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In Finch v. Commonwealth Health Insurance Connector Auth., 459 Mass. 655 (2011), the Massachusetts Supreme Judicial Court ruled that a state law excluding a class of legal immigrants from Commonwealth Care, a key component of the state's 2006 health reform act, discriminated against legal aliens and was subject to strict scrutiny under the Massachusetts Constitution. Following that ruling, the plaintiffs filed a motion for partial summary judgment. The state opposed the motion arguing that the exclusion was narrowly tailored to serve the compelling state interest of furthering national immigration policy. In this brief, the plaintiffs argued that the statute could not survive strict scrutiny because a) the statute was a fiscal measure designed to save money rather than further national immigration policy; b) national immigration policy is not a compelling state interest for purposes of state equal protection law; and c) even if national immigration policy is a compelling state interest the statute was not narrowly tailored to serve that purpose. In Finch v. Commonwealth Health Insurance Connector Auth., 461 Mass. 237 (2012), the Supreme Judicial Court found that the statute could not survive strict scrutiny. The Court held that a court applying strict scrutiny must consider a statute's real rather than hypothetical purpose and that the real purpose for the challenged statute was to save the state money, a purpose which is not compelling. The Court further stated that "the strict scrutiny doctrine imposes rigorous procedural requirements on a State, to ensure that legislation is narrowly tailored to further a compelling interest" and that the state made "no attempt to comply with those requirements."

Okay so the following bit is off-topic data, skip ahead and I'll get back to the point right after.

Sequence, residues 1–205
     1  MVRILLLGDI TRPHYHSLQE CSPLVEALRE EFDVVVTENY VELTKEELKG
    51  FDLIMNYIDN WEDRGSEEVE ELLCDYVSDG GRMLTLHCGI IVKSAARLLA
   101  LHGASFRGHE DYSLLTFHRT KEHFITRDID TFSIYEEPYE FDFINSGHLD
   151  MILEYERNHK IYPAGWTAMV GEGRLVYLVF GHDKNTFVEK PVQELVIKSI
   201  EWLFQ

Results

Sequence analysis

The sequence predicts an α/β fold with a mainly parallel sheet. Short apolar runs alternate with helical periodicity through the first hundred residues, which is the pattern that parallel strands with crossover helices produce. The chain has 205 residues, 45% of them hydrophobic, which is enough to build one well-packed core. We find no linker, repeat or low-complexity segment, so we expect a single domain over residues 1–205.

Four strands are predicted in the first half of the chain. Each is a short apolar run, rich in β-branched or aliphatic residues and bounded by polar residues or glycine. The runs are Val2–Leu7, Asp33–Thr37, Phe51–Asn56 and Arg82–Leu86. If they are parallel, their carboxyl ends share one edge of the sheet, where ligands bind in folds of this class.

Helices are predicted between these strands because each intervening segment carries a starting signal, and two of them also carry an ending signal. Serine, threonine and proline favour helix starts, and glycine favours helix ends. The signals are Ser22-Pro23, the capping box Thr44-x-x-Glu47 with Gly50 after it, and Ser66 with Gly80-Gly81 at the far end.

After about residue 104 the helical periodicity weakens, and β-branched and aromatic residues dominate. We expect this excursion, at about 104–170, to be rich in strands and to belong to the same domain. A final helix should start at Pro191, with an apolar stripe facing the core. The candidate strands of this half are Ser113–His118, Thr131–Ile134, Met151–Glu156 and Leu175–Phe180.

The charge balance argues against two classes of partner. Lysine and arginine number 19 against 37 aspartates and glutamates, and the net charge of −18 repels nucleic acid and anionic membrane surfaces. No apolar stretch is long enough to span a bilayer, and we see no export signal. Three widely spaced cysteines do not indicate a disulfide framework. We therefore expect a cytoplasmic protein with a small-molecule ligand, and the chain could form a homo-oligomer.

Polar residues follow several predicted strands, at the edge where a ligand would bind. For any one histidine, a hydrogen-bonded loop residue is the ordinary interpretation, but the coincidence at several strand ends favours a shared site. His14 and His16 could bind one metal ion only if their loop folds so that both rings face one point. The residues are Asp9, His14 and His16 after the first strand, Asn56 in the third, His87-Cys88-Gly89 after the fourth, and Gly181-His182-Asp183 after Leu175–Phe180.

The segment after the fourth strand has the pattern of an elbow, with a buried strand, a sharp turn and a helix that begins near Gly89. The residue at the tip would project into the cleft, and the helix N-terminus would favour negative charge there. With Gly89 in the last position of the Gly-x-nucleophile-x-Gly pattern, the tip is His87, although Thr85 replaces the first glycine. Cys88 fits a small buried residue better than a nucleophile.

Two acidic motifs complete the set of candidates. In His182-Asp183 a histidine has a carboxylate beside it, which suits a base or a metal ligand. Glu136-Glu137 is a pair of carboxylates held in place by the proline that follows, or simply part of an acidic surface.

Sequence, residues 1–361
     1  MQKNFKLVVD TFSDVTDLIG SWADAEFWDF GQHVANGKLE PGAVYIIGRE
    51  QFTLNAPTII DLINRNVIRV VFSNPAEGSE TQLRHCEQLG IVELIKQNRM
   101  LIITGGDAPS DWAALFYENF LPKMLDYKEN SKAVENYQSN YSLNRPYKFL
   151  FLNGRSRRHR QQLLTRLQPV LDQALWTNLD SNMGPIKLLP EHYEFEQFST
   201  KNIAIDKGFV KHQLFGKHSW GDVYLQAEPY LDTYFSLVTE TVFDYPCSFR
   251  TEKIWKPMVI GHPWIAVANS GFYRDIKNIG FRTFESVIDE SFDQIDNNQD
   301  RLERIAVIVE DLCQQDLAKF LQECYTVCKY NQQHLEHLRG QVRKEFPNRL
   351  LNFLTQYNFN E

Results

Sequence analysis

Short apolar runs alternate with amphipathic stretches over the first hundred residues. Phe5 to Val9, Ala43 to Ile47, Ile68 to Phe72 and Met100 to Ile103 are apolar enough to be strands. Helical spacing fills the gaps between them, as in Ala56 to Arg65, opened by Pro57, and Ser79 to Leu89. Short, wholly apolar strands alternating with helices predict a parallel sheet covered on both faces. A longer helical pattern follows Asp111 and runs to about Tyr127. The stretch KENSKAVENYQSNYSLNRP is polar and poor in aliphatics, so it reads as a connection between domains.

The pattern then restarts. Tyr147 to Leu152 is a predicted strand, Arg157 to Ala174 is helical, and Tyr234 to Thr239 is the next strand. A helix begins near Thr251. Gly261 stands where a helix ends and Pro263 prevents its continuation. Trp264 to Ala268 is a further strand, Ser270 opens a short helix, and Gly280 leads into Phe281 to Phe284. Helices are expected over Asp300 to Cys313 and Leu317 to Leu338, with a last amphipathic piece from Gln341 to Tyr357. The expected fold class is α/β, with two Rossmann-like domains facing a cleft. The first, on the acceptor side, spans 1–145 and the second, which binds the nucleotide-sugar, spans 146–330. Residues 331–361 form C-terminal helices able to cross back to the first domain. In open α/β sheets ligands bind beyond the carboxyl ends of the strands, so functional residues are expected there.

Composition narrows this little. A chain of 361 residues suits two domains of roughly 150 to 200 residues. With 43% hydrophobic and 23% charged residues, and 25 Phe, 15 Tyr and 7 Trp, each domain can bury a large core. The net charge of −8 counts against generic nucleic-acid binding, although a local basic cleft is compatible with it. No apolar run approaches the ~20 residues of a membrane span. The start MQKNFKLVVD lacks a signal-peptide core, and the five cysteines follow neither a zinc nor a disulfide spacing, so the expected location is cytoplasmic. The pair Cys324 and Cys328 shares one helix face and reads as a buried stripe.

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Health insurance, Health care reform, Immigrants, Constitutions - Massachusetts, legal immigrants, Health Law